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SECURITY > Self-Defense Forces

MSDF destroyers to widen internet access in effort to attract recruits

  • January 3, 2020
  • , The Asahi Shimbun , 7:00 a.m.
  • English Press


The Izumo is the Maritime Self-Defense Force’s largest destroyer, but it has only one section where internet access is available. The photo was taken in June 2019 in waters off the Philippines. (Yoshitaka Ito)


Crew members aboard Japan’s defense vessels will be able to more easily connect their mobile devices to the internet under a policy change aimed at attracting recruits to the depleted Maritime Self-Defense Force, sources said.


The MSDF plans to drastically ease restrictions on smartphone use by expanding the areas on vessels where wireless local area network (WLAN) services are available, the sources said. That way, MSDF sailors can read and write e-mails and view news reports in mess halls and in their quarters.


Currently, they must undergo the often-troublesome task of wandering to the limited areas on their vessels where they can go online.


“Crew members will be able to check e-mails from their families and the latest news while lying on their beds when they are off-duty,” a senior MSDF official said. “The common image of maritime operations will change.”


The official said the MSDF plans to start upgrading the ships for wider internet availability by the end of this fiscal year.


The MSDF hopes the image change will help to address the serious personnel shortage it now faces.


The Ground, Maritime and Air SDFs have failed to reach their numerical targets for recruitment for five straight years. Collectively, they could achieve only around 70 percent of the goal in fiscal 2018.


The slump in recruitment can be partially attributed to Japan’s low birthrate and hiring increases among private companies.


But the situation is especially tough for the MSDF, which recorded the lowest recruitment achievement ratio of less than 60 percent in fiscal 2018.


Young people may not be attracted to MSDF duties, which can require them to work for long periods at sea far from home.


And under strict rules, MSDF personnel had long been prohibited from using their own cellphones on their ships.


After many sailors asked that they be allowed to contact friends and family members via smartphone, the MSDF started offering WLAN access on its ships in fiscal 2018.


But services were limited to certain areas on destroyers.


“It cannot be said that an environment has been created where online services can easily be used,” an MSDF crew member said.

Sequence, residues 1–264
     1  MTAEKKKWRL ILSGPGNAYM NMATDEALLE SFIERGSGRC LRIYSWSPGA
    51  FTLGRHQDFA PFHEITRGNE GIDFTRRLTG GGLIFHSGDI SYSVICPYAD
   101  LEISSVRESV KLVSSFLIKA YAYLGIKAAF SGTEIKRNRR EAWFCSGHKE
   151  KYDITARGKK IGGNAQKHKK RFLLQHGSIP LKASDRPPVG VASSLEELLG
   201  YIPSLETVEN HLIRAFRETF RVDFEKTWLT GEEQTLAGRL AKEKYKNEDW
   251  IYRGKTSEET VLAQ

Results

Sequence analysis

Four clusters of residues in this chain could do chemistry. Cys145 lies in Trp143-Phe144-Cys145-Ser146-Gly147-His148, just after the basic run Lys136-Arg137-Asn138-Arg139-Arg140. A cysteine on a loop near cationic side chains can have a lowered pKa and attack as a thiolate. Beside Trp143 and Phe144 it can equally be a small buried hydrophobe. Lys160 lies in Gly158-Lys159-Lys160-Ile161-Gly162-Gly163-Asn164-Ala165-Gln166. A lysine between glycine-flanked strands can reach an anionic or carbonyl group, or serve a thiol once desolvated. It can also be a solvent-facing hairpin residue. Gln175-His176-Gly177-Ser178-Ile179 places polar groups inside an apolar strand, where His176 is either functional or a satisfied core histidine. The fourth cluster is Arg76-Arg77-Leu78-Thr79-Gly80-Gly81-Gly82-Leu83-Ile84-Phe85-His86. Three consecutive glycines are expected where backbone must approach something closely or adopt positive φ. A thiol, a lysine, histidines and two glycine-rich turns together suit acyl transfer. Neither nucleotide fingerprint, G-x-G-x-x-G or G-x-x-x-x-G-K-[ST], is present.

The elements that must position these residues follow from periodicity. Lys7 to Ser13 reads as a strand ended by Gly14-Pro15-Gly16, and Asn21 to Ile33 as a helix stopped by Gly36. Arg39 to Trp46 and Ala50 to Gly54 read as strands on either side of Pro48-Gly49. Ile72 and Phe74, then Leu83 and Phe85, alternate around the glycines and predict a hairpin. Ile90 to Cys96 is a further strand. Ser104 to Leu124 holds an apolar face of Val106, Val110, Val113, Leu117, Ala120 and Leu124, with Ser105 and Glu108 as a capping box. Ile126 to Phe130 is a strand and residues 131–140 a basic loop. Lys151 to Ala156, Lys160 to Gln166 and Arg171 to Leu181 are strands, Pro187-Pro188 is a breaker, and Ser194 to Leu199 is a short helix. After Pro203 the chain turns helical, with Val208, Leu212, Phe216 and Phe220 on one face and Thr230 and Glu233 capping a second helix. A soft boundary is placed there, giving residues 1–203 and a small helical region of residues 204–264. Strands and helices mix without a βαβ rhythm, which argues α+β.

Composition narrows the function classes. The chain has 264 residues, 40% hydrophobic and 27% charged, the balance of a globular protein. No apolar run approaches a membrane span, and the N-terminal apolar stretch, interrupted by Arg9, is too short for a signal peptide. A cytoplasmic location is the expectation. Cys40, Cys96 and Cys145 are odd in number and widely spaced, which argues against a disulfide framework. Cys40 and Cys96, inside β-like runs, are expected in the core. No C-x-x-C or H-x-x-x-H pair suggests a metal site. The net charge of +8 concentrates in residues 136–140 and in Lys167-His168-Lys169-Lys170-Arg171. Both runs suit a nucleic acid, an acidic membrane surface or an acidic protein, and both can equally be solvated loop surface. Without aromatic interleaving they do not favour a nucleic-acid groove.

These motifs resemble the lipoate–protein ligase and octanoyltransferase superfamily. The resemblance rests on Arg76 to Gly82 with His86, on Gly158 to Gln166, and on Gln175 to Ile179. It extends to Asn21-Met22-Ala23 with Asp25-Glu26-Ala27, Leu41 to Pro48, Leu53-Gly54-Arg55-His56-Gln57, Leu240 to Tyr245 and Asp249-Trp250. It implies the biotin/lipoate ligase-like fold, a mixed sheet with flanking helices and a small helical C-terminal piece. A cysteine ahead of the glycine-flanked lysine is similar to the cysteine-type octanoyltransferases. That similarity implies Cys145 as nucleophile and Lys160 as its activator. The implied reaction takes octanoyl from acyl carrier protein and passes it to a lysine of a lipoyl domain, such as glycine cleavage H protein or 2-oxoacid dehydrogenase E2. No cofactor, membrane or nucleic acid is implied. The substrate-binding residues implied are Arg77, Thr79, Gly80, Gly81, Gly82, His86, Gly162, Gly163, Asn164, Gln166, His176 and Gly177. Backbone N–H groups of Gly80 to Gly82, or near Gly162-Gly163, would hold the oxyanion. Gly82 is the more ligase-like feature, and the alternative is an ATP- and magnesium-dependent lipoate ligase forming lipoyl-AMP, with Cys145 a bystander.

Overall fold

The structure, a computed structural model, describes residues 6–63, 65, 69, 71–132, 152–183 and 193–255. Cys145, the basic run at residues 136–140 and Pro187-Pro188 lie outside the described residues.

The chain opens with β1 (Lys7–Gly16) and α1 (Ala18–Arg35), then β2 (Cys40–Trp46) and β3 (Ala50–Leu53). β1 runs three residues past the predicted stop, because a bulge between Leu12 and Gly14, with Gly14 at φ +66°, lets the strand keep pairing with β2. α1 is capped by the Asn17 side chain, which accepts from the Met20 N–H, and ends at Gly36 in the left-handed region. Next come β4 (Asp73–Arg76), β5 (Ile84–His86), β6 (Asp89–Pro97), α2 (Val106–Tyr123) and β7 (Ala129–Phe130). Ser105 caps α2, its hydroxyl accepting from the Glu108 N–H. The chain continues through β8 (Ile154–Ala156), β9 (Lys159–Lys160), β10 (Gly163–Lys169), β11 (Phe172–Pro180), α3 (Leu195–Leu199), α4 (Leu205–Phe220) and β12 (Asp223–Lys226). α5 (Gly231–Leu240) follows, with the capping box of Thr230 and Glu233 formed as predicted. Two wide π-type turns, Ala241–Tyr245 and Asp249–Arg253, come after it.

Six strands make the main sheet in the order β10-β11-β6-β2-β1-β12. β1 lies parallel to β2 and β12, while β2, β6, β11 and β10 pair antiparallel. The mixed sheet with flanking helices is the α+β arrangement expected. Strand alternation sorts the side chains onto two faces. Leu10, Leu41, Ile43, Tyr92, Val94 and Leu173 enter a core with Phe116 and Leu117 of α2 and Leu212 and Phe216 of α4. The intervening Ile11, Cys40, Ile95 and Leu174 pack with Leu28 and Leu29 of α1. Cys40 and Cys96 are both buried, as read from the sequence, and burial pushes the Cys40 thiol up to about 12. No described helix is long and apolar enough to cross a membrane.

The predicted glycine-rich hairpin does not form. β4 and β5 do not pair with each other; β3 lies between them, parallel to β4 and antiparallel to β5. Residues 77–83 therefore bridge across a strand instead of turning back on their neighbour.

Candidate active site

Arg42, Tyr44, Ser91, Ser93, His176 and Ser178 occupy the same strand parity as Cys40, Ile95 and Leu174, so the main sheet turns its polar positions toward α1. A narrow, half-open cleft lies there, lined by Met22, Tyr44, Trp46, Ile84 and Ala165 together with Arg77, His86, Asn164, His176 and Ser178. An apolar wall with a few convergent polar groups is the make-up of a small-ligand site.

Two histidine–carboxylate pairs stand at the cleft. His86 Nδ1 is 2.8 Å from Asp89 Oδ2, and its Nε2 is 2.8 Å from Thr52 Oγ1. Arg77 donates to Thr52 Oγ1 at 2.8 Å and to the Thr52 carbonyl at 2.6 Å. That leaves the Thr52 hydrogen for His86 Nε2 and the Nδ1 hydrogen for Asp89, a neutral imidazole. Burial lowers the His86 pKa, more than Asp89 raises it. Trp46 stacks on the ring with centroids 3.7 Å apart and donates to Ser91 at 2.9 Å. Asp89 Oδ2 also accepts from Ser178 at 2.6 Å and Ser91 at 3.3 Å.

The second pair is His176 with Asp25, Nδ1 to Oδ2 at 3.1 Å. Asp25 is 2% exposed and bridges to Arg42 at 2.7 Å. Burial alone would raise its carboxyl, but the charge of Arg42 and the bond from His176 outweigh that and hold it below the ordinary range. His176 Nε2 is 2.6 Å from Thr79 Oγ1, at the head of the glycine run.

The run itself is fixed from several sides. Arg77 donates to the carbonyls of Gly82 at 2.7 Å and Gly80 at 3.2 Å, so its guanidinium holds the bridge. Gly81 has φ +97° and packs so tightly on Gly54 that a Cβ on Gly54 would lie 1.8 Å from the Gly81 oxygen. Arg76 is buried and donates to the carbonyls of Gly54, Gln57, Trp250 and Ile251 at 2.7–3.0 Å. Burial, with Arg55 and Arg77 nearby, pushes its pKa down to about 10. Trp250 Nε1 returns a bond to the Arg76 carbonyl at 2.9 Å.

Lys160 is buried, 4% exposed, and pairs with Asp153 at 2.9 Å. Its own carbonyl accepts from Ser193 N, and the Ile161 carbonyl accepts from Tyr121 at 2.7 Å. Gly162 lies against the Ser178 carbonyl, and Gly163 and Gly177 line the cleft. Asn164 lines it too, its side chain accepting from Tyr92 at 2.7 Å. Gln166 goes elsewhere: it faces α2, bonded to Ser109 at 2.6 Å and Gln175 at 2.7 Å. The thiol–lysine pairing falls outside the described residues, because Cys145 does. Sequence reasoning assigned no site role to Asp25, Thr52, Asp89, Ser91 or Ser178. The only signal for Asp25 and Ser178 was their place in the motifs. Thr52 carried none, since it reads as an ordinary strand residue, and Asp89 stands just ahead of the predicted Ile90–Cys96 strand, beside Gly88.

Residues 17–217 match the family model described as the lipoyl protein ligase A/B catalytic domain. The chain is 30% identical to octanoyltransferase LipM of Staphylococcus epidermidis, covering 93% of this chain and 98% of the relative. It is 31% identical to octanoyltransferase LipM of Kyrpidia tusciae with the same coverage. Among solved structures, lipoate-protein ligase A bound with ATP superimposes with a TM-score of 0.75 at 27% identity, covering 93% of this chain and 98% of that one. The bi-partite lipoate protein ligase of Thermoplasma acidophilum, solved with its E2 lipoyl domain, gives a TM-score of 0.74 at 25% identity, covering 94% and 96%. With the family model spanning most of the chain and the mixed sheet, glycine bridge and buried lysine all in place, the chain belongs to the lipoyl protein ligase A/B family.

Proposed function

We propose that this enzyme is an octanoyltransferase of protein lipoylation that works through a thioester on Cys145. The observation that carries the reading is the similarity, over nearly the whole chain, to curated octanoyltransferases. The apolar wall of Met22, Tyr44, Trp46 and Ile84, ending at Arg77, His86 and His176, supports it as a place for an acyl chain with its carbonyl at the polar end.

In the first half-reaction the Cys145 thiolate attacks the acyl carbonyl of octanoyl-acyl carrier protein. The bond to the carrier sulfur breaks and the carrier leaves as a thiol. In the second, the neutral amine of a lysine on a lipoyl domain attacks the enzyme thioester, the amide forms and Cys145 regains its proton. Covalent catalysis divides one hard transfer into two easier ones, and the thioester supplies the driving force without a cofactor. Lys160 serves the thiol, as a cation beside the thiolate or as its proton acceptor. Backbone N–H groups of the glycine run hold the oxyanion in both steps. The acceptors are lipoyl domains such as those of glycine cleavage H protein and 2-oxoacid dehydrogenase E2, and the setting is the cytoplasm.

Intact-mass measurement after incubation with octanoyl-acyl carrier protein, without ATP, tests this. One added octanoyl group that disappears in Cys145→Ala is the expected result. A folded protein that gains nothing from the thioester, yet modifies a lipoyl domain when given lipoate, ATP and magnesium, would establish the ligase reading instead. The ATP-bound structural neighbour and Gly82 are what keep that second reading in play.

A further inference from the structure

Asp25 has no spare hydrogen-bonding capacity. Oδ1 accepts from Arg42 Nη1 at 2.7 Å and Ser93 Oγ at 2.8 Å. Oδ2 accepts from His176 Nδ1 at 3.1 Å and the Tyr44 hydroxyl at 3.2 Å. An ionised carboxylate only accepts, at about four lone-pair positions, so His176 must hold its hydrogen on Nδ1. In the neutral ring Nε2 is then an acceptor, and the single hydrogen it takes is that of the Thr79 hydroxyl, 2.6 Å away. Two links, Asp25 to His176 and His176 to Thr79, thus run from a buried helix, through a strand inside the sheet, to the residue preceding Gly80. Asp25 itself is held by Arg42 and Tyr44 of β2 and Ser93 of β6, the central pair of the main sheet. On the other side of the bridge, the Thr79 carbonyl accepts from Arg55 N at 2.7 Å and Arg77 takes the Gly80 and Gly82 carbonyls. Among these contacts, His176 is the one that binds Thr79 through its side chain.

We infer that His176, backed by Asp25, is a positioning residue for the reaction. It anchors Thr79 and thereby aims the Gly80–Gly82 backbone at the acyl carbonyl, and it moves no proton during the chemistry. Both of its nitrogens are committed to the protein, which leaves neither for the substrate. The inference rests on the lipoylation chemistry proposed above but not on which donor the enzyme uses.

Under the plan for wider access, crew members will have to use a dedicated website to send and receive e-mails and get the latest news. They can communicate directly with outside people through the site if the contacts are registered in advance.


They will be prohibited from using conventional search sites or social networking services to ensure confidentiality of the destroyers’ locations and other important information, according to MSDF sources.


“Although the decision (to expand areas with internet access) was partly inspired by the trends of the time, the change does not mean our discipline will be weakened,” the senior MSDF official said. “Relaxing as much as possible while off-duty instead of simply continuing to work hard will lead to improved performance in operations.”


Another MSDF officer said, “I feel the move represents an arrival of a new era, but work-style reform is essential, even on destroyers.”


Crew members of the Izumo, the MSDF’s largest destroyer, complained about internet access when the ship was navigating waters off the Philippines in the summer.


The Izumo, characterized by its huge flat deck, will be effectively turned into an aircraft carrier. Its body measures 248 meters, longer than the height of the Tokyo metropolitan government office skyscraper.


A sign in a corridor in the multi-layered area below the deck shows where WLAN access is available.


“The age has ended where all communications are cut off once vessels leave port,” said a crew member there holding a mobile device.


But online access was provided in only that section of the huge destroyer.


“I had some difficulty just reaching here,” said another crew member. “I would like online access to become available in bedrooms and elsewhere as well.”


The MSDF has also started efforts to attract more female recruits. It now has more ships equipped with dedicated zones for female crew members and is trying to deploy women to submarines for the first time.

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